Jane Hansen has reported having nightmares about events from her journalism past that haunt her to this day. The things that haunt us in this life are often those things where we know that we could have done better, we know if we had followed what we truly know, the consequences of our actions might not have been what they had become. We can rationalise the circumstances, suggest that we had to do our job, what choice did we have? But there is always a choice, always.
And we have to ask Jane Hansen, what choices do journalists make when they choose one side of a story? It is a choice it seems to exclude balance. It is a choice to manipulate the news and what the public know when they only report what they want to report, rather than to offer their audience a choice as to discern the truth. It is a wielding of power with the arrogance of knowing that what they write will ‘make a difference’, but the only ‘difference’ is to entrench their own narrow world-view.
There is a style of journalism that is particularly offensive, generally referred to as the ‘tabloid press’, the writer has always considered that the Sunday Telegraph was of that ilk – a combination of news stories and sensationalism that provides easy reading, little considered argument and a guarantee of supporting a particularly parochial and limited view of humanity and society.
The ‘tabloid press’ finds its television expression in shows such as ‘A Current Affair’ and ‘Today Tonight’. Perhaps it should have come as no surprise that Jane Hansen, of the Sunday Telegraph found her feet in her career on no other than ‘A Current Affair’. Jane Hansen reports having been haunted by her time at ‘A Current Affair’ and has publicly reflected that she knew at least once that the story that she was going to cover was ‘not good’.
What does it mean to know that something you are going to do is wrong and do it anyway? In my books that would mean I was acting unethically or unconscionably. Perhaps a more damning reflection for Ms Hansen is that if we do not act in our own world to address what is wrong, what does not sit right with us, we contribute to a world that is less:
‘The world is a dangerous place not because of those who do evil, but because of those who look on and do nothing’.
The world will not change if we do not stand up in our own lives and say no to what goes against our conscience and no matter how many stories we tell about others to suggest we ‘do the right thing’ in our lives, that we are ‘good people’, the falsehood of our own behaviour will haunt us.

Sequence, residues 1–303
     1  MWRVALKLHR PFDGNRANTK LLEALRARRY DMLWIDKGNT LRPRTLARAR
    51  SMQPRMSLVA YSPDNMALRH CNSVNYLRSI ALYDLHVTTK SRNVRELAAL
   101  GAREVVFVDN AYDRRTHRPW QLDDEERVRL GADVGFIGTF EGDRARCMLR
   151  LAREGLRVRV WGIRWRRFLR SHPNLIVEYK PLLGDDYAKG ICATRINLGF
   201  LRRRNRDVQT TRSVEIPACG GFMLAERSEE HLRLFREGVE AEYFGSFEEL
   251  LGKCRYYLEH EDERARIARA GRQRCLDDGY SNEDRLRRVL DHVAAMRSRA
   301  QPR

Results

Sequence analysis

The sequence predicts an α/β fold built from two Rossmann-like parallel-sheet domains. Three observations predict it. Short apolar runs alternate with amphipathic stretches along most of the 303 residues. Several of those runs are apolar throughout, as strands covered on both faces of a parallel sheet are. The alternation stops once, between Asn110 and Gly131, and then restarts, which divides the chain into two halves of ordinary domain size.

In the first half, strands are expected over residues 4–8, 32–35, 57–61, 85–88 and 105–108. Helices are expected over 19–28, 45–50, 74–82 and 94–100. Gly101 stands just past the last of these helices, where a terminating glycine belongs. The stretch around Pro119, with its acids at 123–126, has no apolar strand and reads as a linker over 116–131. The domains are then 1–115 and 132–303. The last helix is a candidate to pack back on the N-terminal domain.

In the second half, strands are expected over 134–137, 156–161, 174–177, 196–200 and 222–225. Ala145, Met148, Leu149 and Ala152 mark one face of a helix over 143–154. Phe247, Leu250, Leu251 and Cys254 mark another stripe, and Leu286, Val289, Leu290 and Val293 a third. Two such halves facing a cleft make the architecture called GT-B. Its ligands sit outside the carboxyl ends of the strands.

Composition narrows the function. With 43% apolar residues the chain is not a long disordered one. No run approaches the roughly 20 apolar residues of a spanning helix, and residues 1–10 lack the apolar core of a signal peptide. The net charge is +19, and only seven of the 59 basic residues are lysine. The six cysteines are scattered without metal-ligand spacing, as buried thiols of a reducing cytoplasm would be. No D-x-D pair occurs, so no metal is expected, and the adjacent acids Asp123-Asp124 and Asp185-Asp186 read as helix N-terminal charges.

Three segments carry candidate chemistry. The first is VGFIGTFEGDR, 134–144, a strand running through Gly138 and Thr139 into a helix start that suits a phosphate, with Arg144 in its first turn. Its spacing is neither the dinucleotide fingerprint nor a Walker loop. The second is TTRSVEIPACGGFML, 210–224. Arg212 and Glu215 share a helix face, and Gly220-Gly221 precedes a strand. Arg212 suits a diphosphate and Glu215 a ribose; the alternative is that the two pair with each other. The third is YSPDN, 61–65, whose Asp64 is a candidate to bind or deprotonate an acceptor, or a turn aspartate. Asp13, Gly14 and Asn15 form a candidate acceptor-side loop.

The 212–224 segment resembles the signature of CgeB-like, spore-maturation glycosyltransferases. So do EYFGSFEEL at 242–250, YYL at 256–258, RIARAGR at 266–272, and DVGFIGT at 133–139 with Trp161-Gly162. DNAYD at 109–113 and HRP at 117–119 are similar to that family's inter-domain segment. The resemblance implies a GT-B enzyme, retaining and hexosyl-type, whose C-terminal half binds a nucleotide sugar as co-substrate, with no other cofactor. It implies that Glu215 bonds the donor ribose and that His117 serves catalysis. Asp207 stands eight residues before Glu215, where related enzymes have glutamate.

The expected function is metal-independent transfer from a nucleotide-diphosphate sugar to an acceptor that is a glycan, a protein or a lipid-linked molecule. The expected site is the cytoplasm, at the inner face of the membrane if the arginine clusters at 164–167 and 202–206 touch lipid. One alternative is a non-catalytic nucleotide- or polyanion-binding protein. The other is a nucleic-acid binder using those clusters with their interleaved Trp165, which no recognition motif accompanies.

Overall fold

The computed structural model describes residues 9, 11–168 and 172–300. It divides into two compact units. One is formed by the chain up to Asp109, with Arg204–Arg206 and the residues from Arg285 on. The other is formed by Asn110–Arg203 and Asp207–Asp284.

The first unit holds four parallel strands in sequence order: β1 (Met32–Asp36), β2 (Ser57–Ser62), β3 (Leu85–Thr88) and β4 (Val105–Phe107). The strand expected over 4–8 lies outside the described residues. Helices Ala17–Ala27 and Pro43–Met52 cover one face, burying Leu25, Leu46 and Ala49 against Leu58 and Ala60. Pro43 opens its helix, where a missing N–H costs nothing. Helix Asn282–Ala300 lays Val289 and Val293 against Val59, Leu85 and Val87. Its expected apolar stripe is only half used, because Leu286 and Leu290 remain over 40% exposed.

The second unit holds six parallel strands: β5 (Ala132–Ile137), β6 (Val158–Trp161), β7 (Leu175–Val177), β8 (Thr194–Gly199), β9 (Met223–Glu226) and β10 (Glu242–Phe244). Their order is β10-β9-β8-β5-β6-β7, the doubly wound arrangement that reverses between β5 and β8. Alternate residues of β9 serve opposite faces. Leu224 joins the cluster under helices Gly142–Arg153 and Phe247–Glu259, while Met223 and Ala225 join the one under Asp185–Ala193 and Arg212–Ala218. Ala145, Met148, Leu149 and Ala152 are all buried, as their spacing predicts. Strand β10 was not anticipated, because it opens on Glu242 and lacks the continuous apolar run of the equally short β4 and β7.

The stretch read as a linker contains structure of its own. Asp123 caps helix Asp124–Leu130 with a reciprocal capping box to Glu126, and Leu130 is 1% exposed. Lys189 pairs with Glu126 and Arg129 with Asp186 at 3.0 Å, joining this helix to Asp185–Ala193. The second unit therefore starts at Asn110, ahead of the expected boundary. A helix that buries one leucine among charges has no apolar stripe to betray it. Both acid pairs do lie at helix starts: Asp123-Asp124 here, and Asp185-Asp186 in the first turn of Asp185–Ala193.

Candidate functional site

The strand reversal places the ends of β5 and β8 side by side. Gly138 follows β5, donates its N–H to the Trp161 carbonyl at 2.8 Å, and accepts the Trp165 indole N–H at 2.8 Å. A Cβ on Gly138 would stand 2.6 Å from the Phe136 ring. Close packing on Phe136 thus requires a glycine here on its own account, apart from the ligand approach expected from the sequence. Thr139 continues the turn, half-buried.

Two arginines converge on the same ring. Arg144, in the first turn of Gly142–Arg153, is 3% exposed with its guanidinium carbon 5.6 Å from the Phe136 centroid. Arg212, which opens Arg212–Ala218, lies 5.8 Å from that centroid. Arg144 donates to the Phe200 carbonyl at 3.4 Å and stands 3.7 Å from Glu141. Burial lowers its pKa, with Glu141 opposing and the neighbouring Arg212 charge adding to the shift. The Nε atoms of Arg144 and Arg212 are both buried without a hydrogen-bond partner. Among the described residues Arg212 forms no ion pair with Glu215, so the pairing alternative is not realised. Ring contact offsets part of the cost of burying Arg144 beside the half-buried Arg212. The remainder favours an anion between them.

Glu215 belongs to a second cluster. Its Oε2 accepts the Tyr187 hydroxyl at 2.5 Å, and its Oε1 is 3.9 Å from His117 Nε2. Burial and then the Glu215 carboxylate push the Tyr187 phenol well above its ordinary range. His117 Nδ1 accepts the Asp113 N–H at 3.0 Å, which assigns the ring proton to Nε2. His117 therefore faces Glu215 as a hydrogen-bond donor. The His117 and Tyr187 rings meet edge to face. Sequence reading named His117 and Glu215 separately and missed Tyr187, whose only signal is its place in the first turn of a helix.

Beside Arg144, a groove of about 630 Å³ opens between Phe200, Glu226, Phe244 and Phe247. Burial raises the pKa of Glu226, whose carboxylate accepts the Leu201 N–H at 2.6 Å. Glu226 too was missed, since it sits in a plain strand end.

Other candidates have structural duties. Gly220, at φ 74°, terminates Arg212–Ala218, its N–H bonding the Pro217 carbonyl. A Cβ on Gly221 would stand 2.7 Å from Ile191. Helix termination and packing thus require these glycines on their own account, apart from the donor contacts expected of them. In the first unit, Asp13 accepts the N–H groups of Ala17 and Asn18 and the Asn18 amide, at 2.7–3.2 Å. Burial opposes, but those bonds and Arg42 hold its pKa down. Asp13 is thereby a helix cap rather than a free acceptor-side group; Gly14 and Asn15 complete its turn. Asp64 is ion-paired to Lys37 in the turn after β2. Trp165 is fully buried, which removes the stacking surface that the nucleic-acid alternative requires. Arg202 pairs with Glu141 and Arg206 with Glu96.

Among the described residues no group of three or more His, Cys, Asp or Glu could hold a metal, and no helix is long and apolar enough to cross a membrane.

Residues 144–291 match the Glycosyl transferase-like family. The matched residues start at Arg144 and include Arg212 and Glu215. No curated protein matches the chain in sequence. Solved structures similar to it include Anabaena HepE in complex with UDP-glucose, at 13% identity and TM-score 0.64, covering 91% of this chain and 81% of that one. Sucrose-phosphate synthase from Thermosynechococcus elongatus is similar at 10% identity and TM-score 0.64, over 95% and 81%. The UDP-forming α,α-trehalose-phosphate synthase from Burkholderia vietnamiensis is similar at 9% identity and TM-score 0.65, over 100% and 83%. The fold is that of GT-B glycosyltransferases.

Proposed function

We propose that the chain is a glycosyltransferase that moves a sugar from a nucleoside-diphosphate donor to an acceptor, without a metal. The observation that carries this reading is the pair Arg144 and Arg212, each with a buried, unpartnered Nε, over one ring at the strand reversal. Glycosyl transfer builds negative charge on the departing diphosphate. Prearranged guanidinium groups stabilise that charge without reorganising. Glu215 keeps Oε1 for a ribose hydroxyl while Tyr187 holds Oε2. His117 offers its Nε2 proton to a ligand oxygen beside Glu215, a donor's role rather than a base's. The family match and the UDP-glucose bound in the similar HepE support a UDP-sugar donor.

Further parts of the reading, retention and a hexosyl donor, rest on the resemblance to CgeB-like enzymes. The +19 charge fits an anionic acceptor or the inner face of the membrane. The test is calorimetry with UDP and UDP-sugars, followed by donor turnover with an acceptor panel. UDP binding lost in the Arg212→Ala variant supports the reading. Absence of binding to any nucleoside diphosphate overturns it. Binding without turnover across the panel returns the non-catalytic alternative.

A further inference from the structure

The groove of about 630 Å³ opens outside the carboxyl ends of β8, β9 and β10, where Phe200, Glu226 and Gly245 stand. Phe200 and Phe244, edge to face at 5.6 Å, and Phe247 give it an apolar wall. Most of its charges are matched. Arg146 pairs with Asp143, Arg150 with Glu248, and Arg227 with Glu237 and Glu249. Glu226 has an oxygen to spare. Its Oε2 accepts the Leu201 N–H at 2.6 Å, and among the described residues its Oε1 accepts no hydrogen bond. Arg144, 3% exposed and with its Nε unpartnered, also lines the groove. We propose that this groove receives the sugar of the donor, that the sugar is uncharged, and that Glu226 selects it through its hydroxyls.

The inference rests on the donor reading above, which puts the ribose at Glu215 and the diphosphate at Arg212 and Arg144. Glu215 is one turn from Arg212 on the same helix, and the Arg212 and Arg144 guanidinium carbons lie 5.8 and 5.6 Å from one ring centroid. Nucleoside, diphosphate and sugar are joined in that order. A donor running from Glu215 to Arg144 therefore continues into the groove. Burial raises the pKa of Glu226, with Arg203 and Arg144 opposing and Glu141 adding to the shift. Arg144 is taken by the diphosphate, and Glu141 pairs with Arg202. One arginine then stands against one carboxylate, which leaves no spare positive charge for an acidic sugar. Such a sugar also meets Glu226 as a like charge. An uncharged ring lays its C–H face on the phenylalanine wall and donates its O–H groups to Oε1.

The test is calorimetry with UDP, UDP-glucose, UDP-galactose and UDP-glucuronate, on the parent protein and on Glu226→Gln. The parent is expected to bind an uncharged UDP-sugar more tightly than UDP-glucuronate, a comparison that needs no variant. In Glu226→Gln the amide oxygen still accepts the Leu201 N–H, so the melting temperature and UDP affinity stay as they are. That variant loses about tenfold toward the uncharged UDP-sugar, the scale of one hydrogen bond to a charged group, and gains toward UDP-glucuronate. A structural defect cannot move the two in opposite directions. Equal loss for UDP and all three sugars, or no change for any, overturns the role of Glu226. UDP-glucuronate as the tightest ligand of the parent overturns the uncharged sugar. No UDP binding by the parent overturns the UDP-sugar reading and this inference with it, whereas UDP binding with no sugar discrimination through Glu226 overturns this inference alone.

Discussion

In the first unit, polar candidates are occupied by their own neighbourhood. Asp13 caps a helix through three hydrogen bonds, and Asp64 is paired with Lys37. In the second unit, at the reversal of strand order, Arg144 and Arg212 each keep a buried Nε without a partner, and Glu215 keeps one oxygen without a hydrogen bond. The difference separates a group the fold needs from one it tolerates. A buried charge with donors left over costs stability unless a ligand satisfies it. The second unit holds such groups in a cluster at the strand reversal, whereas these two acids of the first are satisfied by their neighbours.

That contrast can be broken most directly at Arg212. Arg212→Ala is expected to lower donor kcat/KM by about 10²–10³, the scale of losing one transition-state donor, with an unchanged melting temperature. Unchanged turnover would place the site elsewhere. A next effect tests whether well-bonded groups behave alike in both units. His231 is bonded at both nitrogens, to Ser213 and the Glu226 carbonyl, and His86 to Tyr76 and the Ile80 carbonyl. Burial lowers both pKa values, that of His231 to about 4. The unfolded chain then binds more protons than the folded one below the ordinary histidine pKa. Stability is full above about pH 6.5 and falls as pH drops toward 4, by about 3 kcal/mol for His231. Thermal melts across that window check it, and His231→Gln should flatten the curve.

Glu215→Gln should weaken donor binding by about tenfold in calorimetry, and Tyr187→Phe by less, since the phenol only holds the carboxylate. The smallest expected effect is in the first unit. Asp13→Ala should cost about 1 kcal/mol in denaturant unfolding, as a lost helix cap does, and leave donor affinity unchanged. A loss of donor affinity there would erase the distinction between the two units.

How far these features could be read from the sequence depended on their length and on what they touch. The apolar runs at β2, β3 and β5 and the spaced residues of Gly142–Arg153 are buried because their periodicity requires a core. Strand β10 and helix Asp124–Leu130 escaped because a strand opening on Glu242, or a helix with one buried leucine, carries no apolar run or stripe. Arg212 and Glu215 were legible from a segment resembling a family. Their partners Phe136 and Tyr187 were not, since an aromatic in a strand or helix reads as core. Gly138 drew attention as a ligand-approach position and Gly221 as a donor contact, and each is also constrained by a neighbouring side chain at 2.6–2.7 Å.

In 1997 Jane Hansen hit the media spotlight after a particularly sordid story on ACA where an electronic repair man was framed by the show and exposed for not fixing some equipment he claimed to have fixed – the advertising for the show ran all weekend, and sadly the subject committed suicide.
This story has apparently haunted Hansen. On the ABC’s Australian Story, Hansen comments that:
‘It still really upsets me. It’s been 10 years. I think what gutted me the most was that two children were without a father and a wife was without a husband. I didn’t feel as though I had a right to talk about how I felt about the story because I wasn’t the victim. In everyone’s mind, I was the perpetrator.’
There is something troubling about this self-reflection – of course Jane Hansen could not predict the extreme consequences of her conduct – but that is not the point – how often do those involved in violent crime not foresee the outcome of their behaviour where aggravated assault becomes murder?
As Stuart Littlemore commented on Media Watch at the time (August 1997)
‘One sordid little entrapment too many and another unremarkable example of “A Current Affair’s” mindless succession of bullying righteousness, yields a result they will say they never foresaw. A little man, caught by a cheap deception far worse than anything he was accused of doing, despairs of ever living down the shame and takes his own life.’
Littlemore was unrelenting in his disdain, ‘These unspeakable bastards did however deceive Mr Mendoza and then set him up …’ . Littlemore in fact called it for what it was – indeed this ‘cheap deception’ was ‘far worse than anything’ their victim ‘was accused of doing.’